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. Last Updated: 07/27/2016

Putin Calls For Speedy Repayment

President Vladimir Putin called Friday for a swift settlement of Russia's foreign debt, which stood at $115 billion at the start of the year.

In a meeting with Putin, Finance Minister Alexei Kudrin said as much as $7 billion was sucked out of state coffers each year to service the debt. Average interest rates on the loans are between 7 percent and 13 percent, three to four times higher than their level in other industrialized nations.

"Part of this debt was taken on when Russia fell on hard times -- the last loan was in 1997 -- and part of it was inherited from the USSR," Kudrin told Putin in televised remarks.

Putin responded that it is economically expedient to eliminate the debt as quickly as possible.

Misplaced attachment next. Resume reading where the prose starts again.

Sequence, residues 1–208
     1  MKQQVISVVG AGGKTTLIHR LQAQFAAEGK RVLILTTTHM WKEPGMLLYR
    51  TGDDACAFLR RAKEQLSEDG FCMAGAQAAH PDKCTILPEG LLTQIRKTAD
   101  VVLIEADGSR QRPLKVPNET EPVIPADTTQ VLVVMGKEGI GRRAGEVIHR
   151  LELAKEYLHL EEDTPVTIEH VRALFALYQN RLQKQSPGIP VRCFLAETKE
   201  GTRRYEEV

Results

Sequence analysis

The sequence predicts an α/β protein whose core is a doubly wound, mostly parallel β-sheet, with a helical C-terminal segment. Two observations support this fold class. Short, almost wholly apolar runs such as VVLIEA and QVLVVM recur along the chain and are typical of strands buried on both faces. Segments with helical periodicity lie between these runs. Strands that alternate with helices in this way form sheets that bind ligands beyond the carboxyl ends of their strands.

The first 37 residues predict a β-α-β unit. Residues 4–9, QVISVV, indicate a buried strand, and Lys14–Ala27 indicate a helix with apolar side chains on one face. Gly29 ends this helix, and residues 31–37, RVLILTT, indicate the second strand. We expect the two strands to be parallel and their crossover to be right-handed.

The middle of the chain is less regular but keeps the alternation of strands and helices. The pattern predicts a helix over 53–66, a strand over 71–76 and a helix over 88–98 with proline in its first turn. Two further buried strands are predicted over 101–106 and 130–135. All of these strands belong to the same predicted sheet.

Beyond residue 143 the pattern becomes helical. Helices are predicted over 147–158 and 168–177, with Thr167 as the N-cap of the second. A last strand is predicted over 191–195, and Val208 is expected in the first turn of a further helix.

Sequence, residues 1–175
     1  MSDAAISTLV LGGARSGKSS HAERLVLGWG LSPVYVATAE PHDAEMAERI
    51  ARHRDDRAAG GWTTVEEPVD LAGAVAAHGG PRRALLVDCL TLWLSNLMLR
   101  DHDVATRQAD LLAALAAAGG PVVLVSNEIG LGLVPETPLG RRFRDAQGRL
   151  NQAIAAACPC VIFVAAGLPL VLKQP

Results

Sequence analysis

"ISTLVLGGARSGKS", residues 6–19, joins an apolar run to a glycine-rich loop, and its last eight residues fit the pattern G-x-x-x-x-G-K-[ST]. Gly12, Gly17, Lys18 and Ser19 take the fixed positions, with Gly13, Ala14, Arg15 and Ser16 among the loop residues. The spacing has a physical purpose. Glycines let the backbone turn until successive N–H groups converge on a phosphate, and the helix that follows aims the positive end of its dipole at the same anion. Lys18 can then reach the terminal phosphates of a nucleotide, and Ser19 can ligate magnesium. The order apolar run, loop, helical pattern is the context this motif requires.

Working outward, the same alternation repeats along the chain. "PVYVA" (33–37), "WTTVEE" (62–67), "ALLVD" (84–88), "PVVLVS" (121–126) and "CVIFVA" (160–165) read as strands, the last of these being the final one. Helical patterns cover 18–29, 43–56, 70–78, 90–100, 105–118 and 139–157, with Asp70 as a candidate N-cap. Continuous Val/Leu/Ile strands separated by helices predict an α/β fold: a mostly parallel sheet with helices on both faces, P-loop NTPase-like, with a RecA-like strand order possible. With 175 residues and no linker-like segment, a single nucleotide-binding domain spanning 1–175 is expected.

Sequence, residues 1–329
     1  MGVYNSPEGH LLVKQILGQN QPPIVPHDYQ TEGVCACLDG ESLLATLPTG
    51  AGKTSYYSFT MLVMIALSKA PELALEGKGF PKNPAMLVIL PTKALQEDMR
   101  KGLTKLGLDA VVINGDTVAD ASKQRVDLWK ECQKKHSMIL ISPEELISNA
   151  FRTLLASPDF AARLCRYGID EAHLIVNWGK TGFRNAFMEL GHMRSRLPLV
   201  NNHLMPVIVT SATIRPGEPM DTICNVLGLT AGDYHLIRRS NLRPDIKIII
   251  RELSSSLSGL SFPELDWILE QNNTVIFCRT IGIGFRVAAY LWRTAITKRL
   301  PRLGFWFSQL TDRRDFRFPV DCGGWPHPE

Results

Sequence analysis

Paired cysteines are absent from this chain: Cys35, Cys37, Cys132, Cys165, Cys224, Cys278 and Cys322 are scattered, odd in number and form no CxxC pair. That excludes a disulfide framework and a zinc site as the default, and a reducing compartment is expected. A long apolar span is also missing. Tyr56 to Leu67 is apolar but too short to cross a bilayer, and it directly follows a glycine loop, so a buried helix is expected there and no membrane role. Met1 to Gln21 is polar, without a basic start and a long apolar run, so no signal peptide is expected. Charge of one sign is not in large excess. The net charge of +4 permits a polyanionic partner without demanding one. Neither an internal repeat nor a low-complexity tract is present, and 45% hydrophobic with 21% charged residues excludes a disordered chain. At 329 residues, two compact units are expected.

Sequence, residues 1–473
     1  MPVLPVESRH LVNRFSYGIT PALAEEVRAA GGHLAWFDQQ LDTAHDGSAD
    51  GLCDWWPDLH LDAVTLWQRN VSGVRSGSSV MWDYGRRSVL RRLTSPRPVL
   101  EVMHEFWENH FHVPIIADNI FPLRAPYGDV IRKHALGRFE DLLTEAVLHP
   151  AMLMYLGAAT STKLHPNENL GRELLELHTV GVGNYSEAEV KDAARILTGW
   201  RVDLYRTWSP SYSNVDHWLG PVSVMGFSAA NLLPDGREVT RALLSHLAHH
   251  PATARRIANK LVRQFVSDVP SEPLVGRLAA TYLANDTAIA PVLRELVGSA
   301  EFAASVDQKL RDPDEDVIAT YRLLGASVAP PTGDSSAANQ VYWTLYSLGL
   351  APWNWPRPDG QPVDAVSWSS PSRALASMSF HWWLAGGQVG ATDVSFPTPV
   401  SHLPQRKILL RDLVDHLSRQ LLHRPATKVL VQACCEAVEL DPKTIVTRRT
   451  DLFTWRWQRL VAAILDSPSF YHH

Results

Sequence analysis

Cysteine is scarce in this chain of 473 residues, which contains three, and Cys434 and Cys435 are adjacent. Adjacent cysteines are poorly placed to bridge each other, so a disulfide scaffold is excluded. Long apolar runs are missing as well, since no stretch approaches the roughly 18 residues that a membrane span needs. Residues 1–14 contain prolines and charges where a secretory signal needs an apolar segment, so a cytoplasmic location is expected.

"Settling the debt and solving the social issues are different goals, but I believe the Cabinet could meet both," he said.

Russia struggled in the 1990s to repay massive debts to the IMF and other foreign lenders, but its economy has grown strongly for five years under Putin, largely thanks to high world oil prices -- currently hovering around $47 per barrel.

Kudrin said earlier this month that Russia had repaid nearly $3.3 billion in International Monetary Fund loans early, saving the country some $200 million in interest payments.

The government is also reported to be angling to pay down some $10 billion of the $40 billion that it owes to the Paris Club of creditor nations.